BDSM Article from "The Imprint"

(October 31, 1997 issue)

Written by Graham Dunn

The scene: The woman strolled past in thigh-high PVC boots, leading her partner on a leash attached to the collar around his neck. The location? Not a private back-room at some exclusive sex club, but Queen street west on a Saturday night.

Kink, or at least the paraphernalia surrounding it, has become cool. The last few years have seen a surge in the amount of this sort of material on TV, in music and art. This article is a look at some of the terms involved, a few issues in kink, and why people get off on it.

When talking about 'kinky' sex, the term 'BDSM' gets a lot of use. It's a collection of acronyms that encompass 'Bondage - Discipline', 'Sadism - Masochism', and 'Domination - Submission'.

Bondage is probably the most familiar; most people can identify with some degree of restraint in an erotic atmosphere. Discipline involves all manners of punishment from a soft spanking to a full fledged flogging.

Sadism and masochism are traditionally associated with intense physical play, overshadowing the power-based aspect. In sadism, pleasure comes from inflicting pain on others. Masochism is taking pleasure in being subjected to physical pain or abuse.

Domination and submission refers to the mental aspect of the transfer of power. Domination is taking control of the situation and making the decisions. Submission involves surrender of will; taking the orders that one is given.

When describing the people involved in BDSM, the terms 'top' and 'bottom' are often used the areas of Bondage - Discipline and Sadism - Masochism. Both participants are in control, albeit in different ways. While the top controls what is going on, how many lashes to administer, where the clothespins should go, etc., the bottom has control of how far things will go, and can stop the scene if they're uncomfortable. Dom and sub are the obvious abbreviations of dominant and submissive, referring to the partners involved and their roles. All of the above terms mean slightly different things depending on who you ask. Top and dom are often used interchangeably.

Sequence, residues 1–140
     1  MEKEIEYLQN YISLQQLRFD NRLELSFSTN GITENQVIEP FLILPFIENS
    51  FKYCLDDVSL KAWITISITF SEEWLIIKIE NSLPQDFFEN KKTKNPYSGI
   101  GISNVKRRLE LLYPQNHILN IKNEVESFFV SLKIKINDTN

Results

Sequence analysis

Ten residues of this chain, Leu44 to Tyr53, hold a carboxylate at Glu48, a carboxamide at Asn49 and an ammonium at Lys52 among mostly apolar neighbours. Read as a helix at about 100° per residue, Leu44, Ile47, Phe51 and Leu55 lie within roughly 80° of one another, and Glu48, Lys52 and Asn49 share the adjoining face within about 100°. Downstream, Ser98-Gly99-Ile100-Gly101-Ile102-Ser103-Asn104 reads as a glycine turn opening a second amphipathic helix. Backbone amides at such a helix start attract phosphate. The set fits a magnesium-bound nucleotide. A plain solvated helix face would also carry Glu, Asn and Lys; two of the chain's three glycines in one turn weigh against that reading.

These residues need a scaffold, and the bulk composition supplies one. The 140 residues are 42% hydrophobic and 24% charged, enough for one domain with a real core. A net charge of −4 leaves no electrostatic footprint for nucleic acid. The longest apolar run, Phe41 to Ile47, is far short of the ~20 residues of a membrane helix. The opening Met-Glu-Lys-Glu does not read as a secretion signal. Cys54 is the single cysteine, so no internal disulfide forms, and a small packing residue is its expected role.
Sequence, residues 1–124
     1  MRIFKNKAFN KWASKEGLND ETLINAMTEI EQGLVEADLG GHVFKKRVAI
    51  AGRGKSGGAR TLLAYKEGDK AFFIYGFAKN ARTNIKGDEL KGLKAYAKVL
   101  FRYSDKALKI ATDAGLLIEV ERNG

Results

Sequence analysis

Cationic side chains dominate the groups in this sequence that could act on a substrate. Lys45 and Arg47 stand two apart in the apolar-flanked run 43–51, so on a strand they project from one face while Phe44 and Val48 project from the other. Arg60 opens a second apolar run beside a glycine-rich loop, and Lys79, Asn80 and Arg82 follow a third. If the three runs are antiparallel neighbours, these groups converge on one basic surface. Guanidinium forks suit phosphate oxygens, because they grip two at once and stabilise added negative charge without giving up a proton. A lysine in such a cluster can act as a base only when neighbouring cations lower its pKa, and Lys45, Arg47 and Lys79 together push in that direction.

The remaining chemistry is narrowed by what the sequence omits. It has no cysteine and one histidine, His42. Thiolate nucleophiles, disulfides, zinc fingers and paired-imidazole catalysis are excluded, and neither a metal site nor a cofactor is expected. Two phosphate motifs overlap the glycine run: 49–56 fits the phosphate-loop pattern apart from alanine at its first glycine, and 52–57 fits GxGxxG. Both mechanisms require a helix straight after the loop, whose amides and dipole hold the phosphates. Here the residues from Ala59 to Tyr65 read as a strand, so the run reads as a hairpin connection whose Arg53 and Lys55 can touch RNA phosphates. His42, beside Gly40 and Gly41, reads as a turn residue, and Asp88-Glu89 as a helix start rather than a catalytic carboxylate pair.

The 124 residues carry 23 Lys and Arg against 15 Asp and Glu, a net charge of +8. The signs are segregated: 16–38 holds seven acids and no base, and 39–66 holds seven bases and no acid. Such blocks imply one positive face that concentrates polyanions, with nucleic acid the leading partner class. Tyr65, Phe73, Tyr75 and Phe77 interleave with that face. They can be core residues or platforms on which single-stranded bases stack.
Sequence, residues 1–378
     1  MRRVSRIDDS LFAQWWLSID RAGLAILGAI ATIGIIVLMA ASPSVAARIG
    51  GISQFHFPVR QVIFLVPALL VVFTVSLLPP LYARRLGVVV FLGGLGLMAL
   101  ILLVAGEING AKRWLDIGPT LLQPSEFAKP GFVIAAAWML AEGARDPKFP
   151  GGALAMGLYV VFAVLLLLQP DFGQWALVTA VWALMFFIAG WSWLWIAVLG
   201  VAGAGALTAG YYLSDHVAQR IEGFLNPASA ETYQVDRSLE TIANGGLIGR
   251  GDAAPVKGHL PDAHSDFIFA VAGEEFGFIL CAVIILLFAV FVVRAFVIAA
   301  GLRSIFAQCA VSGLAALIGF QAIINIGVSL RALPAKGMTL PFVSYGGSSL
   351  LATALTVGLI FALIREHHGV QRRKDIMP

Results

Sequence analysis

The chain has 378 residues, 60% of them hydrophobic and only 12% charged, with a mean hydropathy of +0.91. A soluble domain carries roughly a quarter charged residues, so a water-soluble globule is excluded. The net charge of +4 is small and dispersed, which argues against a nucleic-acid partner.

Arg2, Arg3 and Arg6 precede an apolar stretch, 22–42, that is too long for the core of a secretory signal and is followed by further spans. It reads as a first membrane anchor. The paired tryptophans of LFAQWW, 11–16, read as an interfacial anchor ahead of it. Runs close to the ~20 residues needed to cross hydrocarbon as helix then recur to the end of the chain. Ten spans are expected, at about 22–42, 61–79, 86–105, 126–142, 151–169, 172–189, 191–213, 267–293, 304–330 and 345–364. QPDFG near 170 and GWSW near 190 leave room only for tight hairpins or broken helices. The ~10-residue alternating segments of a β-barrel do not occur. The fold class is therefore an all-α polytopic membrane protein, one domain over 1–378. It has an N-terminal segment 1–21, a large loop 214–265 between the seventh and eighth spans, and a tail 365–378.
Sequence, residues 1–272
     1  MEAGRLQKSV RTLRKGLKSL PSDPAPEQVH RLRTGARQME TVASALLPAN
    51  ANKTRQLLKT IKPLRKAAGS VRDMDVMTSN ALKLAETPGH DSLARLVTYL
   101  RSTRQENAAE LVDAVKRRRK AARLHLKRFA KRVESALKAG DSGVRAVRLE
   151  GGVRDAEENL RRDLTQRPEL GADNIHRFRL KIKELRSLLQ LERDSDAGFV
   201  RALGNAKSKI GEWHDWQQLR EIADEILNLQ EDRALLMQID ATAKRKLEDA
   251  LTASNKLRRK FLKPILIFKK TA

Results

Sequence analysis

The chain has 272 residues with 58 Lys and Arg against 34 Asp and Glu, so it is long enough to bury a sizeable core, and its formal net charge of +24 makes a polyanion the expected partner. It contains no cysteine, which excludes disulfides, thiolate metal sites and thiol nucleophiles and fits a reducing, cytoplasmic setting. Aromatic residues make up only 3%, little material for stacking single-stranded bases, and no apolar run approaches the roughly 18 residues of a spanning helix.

Power and Sex

Power and sex are intimately related in our culture, often so closely as to be indistinguishable. Rearranging traditional roles, changing who's on top in a mental sense, can be very erotic. For someone who doesn't normally take a lead role in the relationship, being in control, dictating what happens when, can be tremendously exciting. The reverse is also true: the power transfer involved in submission makes a lot of people very hot. These transfers can take place anywhere from an elaborate setting at a play party with many people and a full selection of toys, to something as simple as at home with your lover and a blindfold. Power, wielded or surrendered to, in an unusual context is very arousing. It crosses over our normal boundaries; the aberrant becomes arousing.


The slogan "Safe, Sane and Consensual" means BDSM play should be enjoyable for all those involved. 'Safe' covers issues from proper rope technique to safewords (to let your partner express that they've reached their limits in a manner that won't be misinterpreted). 'Sane' means avoiding playing under the influence of alcohol or other drugs and respecting your partner's wishes. 'Consensuality' means there's a difference between play and abuse; without consent, BDSM degenerates into the latter.

Why people play

Engaging in BDSM-related play allows you to explore a side of your personality you normally wouldn't. Besides the strong physical and mental sensations arising during play, extreme BDSM situations teach lessons you can apply to the rest of your life. Knowing that you can stand, even enjoy, crawling on your hands and knees, collecting roses in your mouth for your master, makes the mental stress of asking for that raise pale in comparison. Knowing how you react in uncertain situations gives you an immense boost in self-confidence. If you can handle having your hands chained above your head while your top rakes welts into your chest with their fingernails, you realize how your perception of pain affects how much things 'hurt'.

What hurts under normal circumstances can be pleasurable in the midst of S&M play. The physical arousal people feel in S&M play is very similar to a runner's high. The body's response to painful stimuli is the production of natural pain-killers called endorphins. Combined with the adrenaline rush from this sort of play, they can cause a sensation that often goes beyond the purely physical pleasures of orgasm.


Some people find costumes arousing; cross-dressing, PVC or leather are a few of the favourites. As to equipment you can use in S&M play, simple is good: the sensations you can create using only some clothespins, a spatula, and your fingernails are amazing.

This is no way is meant to be a comprehensive how-to, or psychological treatise of why people are into BDSM. If you're curious about finding out more about this sort of eroticism, try The Story of O by Pauline Reage, or Juliette by the Marquis de Sade. Resources on the web include EHBC, a Kitchener group that shares ideas and information about BDSM, at, as well as the AIDS Committee of Toronto's Safer SM Education Project's webpage at